Explained – How Boeing’s Starliner Can Bring Astronauts Back to Earth

By Joey Roulette

WASHINGTON (Reuters) – Problems with Boeing’s Starliner capsule, still docked with the International Space Station (ISS), have upended initial plans to return its two astronauts to Earth, as last-minute fixes and tests are made bring out a crucial mission for the future of Boeing’s space division.

NASA has rescheduled the planned return three times and now has no date set. Since its June 5 liftoff, the capsule has had five helium leaks, five maneuvering thrusters failed and a thruster valve did not close completely, prompting the crew into space and mission managers in Houston to spend more time than expected searching for mid-mission fixes.

Here’s an explanation of the potential paths forward for Starliner and its veteran NASA astronauts, Barry “Butch” Wilmore and Sunita “Suni” Williams.


Starliner can remain docked with the ISS for up to 45 days, according to comments from NASA business team leader Steve Stich to reporters. But if absolutely necessary, such as if other problems arise that mission managers cannot resolve in time, it could remain docked for up to 72 days, relying on various backup systems, according to a person familiar with flight planning.

Internally at NASA, the latest expected return date for Starliner is July 6, according to this source, who spoke on condition of anonymity. Such a return date would mean that the mission, initially planned for eight days, would instead last a month.

The Starliner’s consumable propulsion system is part of the craft’s “service module”. Current problems focus on this system, which is necessary to move the capsule away from the ISS and position it for diving into Earth’s atmosphere. Many Starliner thrusters overheated during firing, and leaks of helium — used to pressurize the thrusters — appear to be linked to the frequency with which they are used, according to Stich.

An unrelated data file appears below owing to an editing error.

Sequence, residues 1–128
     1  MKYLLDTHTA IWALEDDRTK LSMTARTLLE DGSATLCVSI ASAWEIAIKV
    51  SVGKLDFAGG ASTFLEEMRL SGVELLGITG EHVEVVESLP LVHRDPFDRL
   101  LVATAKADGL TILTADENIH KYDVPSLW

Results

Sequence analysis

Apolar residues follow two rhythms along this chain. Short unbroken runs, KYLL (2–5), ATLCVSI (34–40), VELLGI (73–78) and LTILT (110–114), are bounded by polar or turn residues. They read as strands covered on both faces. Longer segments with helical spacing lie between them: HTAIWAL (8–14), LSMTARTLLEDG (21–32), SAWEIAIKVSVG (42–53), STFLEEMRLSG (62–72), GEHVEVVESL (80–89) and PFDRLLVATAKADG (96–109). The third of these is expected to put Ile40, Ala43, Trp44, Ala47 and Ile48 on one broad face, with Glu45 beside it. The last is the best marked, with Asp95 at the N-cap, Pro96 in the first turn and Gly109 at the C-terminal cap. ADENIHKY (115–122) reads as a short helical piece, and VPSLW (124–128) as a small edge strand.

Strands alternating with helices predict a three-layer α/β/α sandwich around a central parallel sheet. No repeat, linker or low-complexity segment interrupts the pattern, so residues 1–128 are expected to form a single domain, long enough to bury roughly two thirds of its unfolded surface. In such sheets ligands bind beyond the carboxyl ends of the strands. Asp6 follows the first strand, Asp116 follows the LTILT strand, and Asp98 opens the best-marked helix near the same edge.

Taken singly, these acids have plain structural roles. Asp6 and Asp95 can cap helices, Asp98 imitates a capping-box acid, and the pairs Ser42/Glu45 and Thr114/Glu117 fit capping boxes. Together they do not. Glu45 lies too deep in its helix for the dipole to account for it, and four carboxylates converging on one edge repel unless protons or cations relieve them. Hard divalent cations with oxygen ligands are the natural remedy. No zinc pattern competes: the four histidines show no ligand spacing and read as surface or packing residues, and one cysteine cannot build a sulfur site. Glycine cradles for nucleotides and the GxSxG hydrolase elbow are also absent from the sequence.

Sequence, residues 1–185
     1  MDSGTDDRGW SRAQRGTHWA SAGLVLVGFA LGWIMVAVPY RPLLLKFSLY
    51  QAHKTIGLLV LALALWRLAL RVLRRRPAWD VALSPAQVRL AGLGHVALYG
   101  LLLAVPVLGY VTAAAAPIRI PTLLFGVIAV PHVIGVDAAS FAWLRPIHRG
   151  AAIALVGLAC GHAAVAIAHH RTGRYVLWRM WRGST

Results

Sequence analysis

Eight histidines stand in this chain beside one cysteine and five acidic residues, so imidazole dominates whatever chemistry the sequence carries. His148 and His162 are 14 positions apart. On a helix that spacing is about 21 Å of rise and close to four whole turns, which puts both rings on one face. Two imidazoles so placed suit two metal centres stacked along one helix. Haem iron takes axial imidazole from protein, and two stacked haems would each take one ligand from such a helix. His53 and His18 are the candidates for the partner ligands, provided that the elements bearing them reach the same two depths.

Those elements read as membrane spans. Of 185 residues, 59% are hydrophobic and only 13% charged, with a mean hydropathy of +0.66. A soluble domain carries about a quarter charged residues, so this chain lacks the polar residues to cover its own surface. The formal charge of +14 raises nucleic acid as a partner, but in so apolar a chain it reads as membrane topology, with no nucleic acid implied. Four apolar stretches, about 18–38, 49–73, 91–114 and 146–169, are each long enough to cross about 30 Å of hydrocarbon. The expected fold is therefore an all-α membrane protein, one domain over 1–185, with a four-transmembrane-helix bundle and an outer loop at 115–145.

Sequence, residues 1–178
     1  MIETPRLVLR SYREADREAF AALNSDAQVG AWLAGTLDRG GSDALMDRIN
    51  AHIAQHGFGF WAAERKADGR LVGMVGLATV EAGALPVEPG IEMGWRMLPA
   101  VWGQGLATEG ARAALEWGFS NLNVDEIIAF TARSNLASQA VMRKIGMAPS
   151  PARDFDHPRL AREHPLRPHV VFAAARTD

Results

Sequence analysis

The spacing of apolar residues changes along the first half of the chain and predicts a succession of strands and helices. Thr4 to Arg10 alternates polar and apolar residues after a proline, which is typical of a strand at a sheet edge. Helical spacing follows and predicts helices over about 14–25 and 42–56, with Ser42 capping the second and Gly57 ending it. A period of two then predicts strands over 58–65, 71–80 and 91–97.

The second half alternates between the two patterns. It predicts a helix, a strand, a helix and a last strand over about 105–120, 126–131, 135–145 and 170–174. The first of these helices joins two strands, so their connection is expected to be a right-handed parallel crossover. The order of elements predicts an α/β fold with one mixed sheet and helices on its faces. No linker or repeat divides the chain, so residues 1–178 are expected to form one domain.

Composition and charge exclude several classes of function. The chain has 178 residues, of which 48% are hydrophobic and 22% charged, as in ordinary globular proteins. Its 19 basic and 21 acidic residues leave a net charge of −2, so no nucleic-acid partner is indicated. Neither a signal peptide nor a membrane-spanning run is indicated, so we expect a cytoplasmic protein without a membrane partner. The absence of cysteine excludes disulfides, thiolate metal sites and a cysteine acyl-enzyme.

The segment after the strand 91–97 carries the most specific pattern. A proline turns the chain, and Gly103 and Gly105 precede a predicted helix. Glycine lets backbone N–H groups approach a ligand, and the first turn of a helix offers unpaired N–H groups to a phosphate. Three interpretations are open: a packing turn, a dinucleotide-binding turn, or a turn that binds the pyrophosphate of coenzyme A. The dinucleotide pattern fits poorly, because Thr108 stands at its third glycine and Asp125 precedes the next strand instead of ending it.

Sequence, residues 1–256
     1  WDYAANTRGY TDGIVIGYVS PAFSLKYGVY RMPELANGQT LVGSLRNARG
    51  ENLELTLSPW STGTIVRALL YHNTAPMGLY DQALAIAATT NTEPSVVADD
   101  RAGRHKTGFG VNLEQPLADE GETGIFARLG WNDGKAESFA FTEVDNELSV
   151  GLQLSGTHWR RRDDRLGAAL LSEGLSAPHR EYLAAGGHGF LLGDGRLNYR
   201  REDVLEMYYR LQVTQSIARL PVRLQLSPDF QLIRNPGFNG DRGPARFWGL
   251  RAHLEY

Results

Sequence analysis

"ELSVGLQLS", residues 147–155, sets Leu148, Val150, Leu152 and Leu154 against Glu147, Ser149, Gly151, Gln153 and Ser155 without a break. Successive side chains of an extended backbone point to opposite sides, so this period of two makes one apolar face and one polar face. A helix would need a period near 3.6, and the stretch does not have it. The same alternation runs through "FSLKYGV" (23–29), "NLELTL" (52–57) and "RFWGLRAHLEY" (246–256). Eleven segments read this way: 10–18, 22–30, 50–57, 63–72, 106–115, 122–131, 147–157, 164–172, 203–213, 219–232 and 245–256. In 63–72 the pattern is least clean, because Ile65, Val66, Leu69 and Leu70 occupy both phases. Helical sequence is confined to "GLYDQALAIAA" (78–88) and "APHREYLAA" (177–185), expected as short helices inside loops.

Stich said recent tests of firing the thrusters while the Starliner remains docked have given mission teams confidence of a safe return, although tests and reviews are ongoing. The mission management team, made up of personnel from NASA and Boeing, reviews data on propulsion problems, runs simulations in Houston and considers how to resolve them, such as by updating software or changing the way the equipment is used.

Once NASA officials give the team the go-ahead for a return, Starliner’s thrusters would be used to detach the capsule from the ISS and begin a roughly six-hour return journey, gradually tightening its orbit before plunging into the Earth’s atmosphere for an assisted landing. by parachutes and airbags, in one of several potential locations in the southwest United States.

It is the first Starliner mission to orbit carrying astronauts – the final test needed before NASA can certify it as the US space agency’s second trip to the ISS. He would join SpaceX’s Crew Dragon, which has dominated the government and nascent private markets for human spaceflight amid Starliner’s years-long delays.


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